Every year countless young Australians head overseas to give their time to those in need. Now, school-based volunteer travel company World Challenge has announced an end to trips to orphanages in developing countries after research showed the practice was harming vulnerable children.
So what can you do if you want to volunteer overseas? Here’s how you can lend a hand in an ethical way.
If it involves children, consider your impact
Leigh Matthews, a coordinator at ReThink Orphanages, who conducted the research into the impact ‘voluntourism’ had on children, said it was important to consider your impact on other people’s lives.
“I think you have to be careful with any activity that volunteers with children,” Ms Matthews said.
“It’s very hard as volunteers to properly evaluate the impact and potential harms that might arise from your involvement. We advocate steering clear of volunteering with children, in particular, in residential environments.”
Look beyond orphanage placements
Ms Matthews said there were a whole host of other opportunities for young people.
“We would advise going with organisations that work with from a process of education and the idea is that [if] you understand the issues, you can then become a change agent in your own community back home,” she said.
“Volunteers can get involved working on community development projects, environment projects. Those are both safer options than working with children.”
Assess the cost of the trip compared to giving a donation
Another option is to donate some of your money, not just your time.
Have a think about the total cost of a volunteer stint, including flights, travel insurance and vaccinations.
If you want to travel, you can allocate a portion of your funds to go to a charity directly doing work within the community.
“It is also good to support charities that are already working in communities, starting with undertaking some research to find out about charities that are involved in the type of work and locations that you might be passionate about supporting,” Red Cross Australia international deployment manager Vanessa Brown said.
“There is some amazing work across the globe being undertaken and mobilised by local communities who are commonly the best placed respond to a certain local need, so our support for their growth can be the best way to have a positive impact.”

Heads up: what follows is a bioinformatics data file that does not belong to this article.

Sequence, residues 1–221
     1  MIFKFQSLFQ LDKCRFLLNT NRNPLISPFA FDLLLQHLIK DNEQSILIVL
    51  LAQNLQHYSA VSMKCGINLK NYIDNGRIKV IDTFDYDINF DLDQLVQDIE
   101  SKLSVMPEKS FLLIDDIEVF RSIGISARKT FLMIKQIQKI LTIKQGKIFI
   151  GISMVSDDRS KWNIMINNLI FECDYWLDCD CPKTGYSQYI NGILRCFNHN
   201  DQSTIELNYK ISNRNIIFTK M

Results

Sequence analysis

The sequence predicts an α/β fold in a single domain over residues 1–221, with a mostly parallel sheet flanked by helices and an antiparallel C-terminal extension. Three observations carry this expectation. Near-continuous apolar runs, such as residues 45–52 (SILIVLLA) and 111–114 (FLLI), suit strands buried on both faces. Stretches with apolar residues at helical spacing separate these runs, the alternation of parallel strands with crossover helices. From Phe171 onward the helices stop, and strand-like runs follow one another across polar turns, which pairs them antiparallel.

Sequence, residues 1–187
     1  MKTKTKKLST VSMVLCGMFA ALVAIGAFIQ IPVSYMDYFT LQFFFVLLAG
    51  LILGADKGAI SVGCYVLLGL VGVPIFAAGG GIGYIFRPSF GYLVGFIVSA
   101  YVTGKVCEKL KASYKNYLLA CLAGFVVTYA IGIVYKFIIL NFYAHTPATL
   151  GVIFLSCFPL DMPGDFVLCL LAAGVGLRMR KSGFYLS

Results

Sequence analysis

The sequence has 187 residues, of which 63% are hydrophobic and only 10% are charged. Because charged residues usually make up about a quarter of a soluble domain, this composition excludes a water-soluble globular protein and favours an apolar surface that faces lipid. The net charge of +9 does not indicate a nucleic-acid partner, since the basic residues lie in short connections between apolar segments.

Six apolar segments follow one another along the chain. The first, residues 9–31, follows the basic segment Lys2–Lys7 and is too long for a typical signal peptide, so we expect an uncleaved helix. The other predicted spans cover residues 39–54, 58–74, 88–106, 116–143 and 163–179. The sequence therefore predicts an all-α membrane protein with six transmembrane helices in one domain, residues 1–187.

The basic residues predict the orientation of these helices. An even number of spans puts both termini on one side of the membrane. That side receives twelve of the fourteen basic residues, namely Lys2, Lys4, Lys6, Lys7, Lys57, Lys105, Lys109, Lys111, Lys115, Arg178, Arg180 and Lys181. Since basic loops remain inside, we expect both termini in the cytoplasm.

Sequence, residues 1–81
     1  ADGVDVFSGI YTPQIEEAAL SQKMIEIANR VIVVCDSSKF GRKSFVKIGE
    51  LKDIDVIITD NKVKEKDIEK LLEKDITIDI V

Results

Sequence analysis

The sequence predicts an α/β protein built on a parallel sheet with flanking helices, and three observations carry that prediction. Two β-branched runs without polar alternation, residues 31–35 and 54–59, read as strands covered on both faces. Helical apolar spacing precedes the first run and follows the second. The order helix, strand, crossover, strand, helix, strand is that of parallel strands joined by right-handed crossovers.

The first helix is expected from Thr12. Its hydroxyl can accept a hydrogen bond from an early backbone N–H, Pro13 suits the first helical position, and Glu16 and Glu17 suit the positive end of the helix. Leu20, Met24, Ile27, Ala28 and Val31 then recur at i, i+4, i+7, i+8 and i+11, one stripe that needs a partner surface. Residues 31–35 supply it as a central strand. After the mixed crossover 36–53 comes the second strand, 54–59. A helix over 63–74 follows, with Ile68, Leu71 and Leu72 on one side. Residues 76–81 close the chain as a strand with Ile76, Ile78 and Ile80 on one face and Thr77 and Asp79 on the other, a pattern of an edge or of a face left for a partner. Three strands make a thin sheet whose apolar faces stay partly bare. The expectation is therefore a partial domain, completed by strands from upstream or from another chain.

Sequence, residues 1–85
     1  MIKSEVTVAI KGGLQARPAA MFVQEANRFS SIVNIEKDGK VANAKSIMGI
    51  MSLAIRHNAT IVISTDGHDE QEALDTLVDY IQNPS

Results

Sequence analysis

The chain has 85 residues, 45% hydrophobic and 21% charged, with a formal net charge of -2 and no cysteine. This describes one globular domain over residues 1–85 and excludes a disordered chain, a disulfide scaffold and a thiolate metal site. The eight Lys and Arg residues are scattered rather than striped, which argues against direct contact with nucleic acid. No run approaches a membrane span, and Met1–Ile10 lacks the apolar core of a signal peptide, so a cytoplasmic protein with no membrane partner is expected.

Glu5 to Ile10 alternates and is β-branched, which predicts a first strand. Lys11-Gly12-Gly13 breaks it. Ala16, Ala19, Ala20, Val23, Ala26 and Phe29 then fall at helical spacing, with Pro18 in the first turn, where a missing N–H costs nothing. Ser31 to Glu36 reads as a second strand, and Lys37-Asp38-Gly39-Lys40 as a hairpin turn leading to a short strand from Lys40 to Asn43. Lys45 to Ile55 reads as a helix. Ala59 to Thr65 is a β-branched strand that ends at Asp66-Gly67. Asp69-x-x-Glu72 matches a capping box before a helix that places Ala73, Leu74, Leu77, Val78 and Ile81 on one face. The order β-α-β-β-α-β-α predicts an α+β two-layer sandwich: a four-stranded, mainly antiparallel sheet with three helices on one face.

If you find a project, read the fine print
Ms Matthews said you should first have a look at the organisation’s reputation.
And she said to make sure the project you work on is one that’s been discussed and approved by the local community.
“Is there transparency … do they tell you where your placement is? How much of your money goes to that organisation, and is there a way you can evaluate your impact while you are there?” she said.
“Basically, do your due diligence.”
“There are many wonderful charities doing great work in local communities and those charities are both big and small. Support a charity that is effective … and is transparent in how it helps, and as longs as it aligns with a cause you care about, then I think go for it.”
Ms Brown said there were a lot of ways in which people can get involved in helping people overseas which can create a positive impact.
“The challenges that have been raised through the international volunteering in orphanages and ‘voluntourism’ unfortunately is looking at a very specific type of volunteering, in a very specific sector of humanitarian work that has had significant implications in its practice and on the local communities it has operated within,” she said.
“There are still highly valuable and meaningful (both to the community and volunteer) programs that are being undertaken every day.”
Red Cross Australia is also trialing a new international volunteering program in the Asia Pacific.
“The program will be targeted at utilising highly-skilled volunteers to undertake short to mid-term pieces of work predominantly online but also within country to support resource gaps that have been identified by our local Red Cross counterparts in those areas,” Ms Brown said.
“The model is based on reciprocal learning, whereby our counterparts will also be supported to come to Australia and other countries within the Asia Pacific region to participate and share their knowledge within the program.”
Source: ABC News